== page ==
In 2016, Karnataka charged students, union leaders with sedition -— Amnesty latest

Bengaluru : The police investigation against Amnesty International India — for slogans raised during an event the global advocacy organised — is the second such sedition complaint registered in Karnataka this year after a complaint from the student’s wing of India’s ruling Bharatiya Janata Party (BJP).

The police charged two students with sedition in Tumakuru on March 30, 2016, after the Akhil Bharatiya Vidyarthi Parishad (ABVP) accused them of raising pro-Pakistan slogans while distributing pamphlets supporting Jawaharlal Nehru University Students’ Union president Kanhaiya Kumar and Rohith Vemula, a Hyderabad University Dalit scholar who committed suicide. About 80 ABVP activists beat the two students with helmets and sticks, according to an India Today report.

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In the Amnesty case, a first-person account of the Broken Families event speaks of a “heated but not threatening” meeting with diverging viewpoints from Kashmiri Hindus and Muslims in the audience. As the audience dispersed, ABVP activists outside stepped in.

“In slapping sedition charges, the police appear to have ceded to pressure from the large group of ABVP activists at the (police) station,” said Chandan Gowda, a sociology professor at Bengaluru’s Azim Premji University.

Sedition crimes recorded for first time in 2014, when BJP came to power

For the first time, the National Crime Records Bureau (NCRB) included data on crimes related to the 156-year-old sedition law in 2014, the year the BJP came to power. Sedition is a new category (section 124A of the Indian Penal Code) under a heading called “Offences Against the State”.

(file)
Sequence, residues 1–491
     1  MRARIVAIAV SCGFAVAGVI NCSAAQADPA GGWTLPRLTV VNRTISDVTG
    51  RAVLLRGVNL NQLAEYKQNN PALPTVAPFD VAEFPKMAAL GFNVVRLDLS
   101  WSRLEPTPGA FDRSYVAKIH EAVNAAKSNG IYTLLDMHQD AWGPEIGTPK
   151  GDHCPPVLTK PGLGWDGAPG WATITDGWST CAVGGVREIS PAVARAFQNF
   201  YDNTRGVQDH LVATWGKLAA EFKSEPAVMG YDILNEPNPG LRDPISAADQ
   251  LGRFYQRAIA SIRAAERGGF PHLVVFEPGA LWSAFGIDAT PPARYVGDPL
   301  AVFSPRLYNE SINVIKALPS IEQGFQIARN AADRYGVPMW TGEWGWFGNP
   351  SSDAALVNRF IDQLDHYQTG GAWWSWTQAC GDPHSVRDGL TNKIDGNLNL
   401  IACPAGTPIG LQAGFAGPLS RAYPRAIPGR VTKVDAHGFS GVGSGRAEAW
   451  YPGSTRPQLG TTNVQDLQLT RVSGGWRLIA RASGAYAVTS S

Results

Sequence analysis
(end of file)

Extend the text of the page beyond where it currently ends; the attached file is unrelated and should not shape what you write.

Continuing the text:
Karnataka registered no sedition case in 2014, although 47 such cases were filed across nine states that year, according to NCRB data. Jharkhand (18) and Bihar (16) registered the most sedition cases that year.

Three journalists were arrested and booked for sedition in Karnataka’s Belagavi on December 3, 2015.

“Offences Against the State” have been classified largely under two categories: offences against the state (under sections 121, 121A, 122, 123 & 124-A IPC) and offences promoting enmity between different groups (under sections 153A & 153 B IPC).

Sedition falls under section 124A IPC, while sections 121, 121A, 122 & 123 constitute waging war or attempt/conspiring to wage war or collecting arms for this purpose, among other related crimes.

India shares sedition law with authoritarian regimes

India shares the sedition law — once used by the colonial administration to imprison Mahatma Gandhi in 1922 and Bal Gangadhar Tilak in 1907 and 1909 — with a variety of mostly authoritarian countries, such as Saudi Arabia, Malaysia, Iran, Uzbekistan, Sudan, Senegal and Turkey. The USA also has a sedition law, but many parts have been struck down over two centuries. Others, such as the UK, Scotland, South Korea and Indonesia have done away with the law.